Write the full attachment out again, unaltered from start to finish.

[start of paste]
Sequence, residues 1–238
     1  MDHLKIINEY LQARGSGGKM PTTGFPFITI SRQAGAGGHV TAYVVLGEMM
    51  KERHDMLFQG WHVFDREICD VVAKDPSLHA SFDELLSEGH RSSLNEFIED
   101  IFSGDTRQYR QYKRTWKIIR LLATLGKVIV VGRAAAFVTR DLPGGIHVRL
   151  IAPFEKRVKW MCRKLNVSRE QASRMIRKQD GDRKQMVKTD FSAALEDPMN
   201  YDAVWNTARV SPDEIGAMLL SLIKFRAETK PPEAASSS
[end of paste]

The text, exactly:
Sequence, residues 1–238
     1  MDHLKIINEY LQARGSGGKM PTTGFPFITI SRQAGAGGHV TAYVVLGEMM
    51  KERHDMLFQG WHVFDREICD VVAKDPSLHA SFDELLSEGH RSSLNEFIED
   101  IFSGDTRQYR QYKRTWKIIR LLATLGKVIV VGRAAAFVTR DLPGGIHVRL
   151  IAPFEKRVKW MCRKLNVSRE QASRMIRKQD GDRKQMVKTD FSAALEDPMN
   201  YDAVWNTARV SPDEIGAMLL SLIKFRAETK PPEAASSS